March 13-19, 2017: Poetry from Kirsty A. Niven and Mark Mansfield

​Kirsty A. Niven and Mark Mansfield

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​Kirsty A. Niven
kaniven13@outlook.com

Bio (auto)

Kirsty A. Niven lives in Dundee, Scotland with her husband and two cats. Her poetry has appeared in GFT Presents: One in Four, The Dawntreader, Mothers Always Write, the anthology A Prince Tribute and several other publications. She also contributed towards the Dylan’s Great Poem Project of 2016.

The following work is Copyright © 2016, and owned by ​LB Sedlacek and may not be distributed or reprinted in any form whatsoever without written permission from the author.


Newborn

Oh little pearls –

Pink rosebuds, silken –
a fist, milky sweet,

Your tight grasp
clenches and releases –

Meaningful, needing.
Love washes over,

Love consumes
as tiny crescent moons

Pattern my skin –
tireless tattoos.

A wave of it
crashes against me –

Pulling me under,
gasping for air.

An emptiness overflowing,
a wound salted.

Such a little thing,
I can’t look away –

A grip on reality,
both wrinkled and new.

 

 



Mark Mansfield
mmansfield001@rochester.rr.com

Bio (auto)

Mark Mansfield is the author of one, full-length collection of poetry, Strangers Like You (2008, revised 2016 Van der Decken). His work has appeared in The Adirondack Review, Bayou, Blue Mesa Review, Deep South Magazine, The Evansville Review, Fourteen Hills, Gargoyle, The Innisfree Poetry Journal, The Ledge, Limestone, Magma, Salt Hill, Tulane Review, Unsplendid, and elsewhere. He holds an M.A. in Writing from Johns Hopkins and was a 2015 Pushcart Prize nominee. Currently, he lives in Geneva, New York.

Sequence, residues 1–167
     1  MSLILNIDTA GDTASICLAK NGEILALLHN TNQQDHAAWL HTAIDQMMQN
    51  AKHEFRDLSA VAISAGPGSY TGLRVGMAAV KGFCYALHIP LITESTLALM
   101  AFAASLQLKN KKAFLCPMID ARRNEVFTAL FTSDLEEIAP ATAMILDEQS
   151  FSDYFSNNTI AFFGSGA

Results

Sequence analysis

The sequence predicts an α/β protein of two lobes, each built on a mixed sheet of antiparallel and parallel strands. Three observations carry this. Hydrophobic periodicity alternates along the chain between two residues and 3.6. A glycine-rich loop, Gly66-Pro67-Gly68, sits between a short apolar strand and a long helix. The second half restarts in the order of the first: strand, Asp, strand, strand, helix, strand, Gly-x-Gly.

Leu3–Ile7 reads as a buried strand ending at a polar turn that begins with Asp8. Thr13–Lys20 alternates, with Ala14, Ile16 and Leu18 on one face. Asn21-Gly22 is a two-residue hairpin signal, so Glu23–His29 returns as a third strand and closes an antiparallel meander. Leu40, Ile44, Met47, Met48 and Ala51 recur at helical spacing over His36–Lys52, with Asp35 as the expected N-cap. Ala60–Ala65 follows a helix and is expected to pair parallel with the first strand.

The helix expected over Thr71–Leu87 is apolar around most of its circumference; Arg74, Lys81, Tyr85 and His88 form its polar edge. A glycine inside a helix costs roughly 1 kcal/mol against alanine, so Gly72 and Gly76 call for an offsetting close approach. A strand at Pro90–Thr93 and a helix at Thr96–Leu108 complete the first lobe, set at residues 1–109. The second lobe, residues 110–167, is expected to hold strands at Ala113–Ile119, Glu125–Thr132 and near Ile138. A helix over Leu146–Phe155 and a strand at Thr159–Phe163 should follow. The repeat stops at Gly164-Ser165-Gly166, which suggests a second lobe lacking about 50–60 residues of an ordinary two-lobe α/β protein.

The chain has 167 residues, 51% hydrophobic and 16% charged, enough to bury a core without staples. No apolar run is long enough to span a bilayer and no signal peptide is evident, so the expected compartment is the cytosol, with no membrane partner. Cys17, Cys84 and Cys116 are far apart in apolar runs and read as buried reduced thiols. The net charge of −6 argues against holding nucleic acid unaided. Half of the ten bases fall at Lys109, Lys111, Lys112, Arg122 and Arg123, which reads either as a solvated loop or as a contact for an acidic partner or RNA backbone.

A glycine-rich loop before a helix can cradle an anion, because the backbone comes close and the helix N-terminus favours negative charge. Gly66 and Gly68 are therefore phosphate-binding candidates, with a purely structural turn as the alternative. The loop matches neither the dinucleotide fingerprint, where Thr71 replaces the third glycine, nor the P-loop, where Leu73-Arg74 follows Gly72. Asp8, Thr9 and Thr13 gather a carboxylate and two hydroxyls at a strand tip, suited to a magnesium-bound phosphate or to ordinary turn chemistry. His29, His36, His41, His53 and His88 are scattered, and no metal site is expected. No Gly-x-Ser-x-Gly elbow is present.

The following work is Copyright © 2016, and owned by Mark Mansfield and may not be distributed or reprinted in any form whatsoever without written permission from the author.

Arlington

The morning air feels fresher here.
All at once, next to a mound
of newly dug earth, rifles appear
to salute a cloudless sky. And while

they do, somebody’s choked-back tears
are muted by the blanks sounding
until each barrel descends,
as six young soldiers, three to a file

each side of a tri-colored bier,
one by one, fold then bend
its flag into a perfect wedge.

While a boy who used to play “War” near,
camouflaged by some neighbor’s hedge,
no longer plays. Today war ends.

Previously published in The California Quarterly